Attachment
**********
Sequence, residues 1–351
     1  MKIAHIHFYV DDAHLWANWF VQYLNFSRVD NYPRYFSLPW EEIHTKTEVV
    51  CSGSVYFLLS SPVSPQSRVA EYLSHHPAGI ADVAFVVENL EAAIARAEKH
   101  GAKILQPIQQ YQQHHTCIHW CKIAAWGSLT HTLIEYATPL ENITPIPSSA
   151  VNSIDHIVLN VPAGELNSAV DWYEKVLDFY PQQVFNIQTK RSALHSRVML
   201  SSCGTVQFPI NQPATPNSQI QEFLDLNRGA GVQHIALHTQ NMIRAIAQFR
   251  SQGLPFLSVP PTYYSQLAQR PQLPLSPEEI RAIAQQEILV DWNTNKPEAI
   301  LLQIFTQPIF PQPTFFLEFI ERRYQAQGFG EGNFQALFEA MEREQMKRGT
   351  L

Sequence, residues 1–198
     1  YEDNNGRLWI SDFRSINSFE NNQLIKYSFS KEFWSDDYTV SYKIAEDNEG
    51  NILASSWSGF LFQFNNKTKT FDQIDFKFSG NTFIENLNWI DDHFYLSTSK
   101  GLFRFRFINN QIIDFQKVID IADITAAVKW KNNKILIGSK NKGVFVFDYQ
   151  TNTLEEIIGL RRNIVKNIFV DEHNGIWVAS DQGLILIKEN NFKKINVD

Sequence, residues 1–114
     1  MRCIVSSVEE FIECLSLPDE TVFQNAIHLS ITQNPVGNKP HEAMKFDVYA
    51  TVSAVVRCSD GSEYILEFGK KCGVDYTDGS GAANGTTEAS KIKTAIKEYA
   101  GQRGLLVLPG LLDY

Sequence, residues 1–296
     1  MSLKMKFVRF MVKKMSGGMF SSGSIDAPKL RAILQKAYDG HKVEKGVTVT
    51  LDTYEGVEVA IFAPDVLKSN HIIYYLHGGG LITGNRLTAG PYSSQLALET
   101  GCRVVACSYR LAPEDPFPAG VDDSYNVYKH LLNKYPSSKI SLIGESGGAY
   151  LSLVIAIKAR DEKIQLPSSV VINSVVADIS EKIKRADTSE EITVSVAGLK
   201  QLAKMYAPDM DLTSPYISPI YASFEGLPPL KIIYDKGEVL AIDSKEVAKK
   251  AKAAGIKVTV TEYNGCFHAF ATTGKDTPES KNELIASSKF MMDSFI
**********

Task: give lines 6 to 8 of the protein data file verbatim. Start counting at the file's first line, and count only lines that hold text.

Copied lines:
   201  SSCGTVQFPI NQPATPNSQI QEFLDLNRGA GVQHIALHTQ NMIRAIAQFR
   251  SQGLPFLSVP PTYYSQLAQR PQLPLSPEEI RAIAQQEILV DWNTNKPEAI
   301  LLQIFTQPIF PQPTFFLEFI ERRYQAQGFG EGNFQALFEA MEREQMKRGT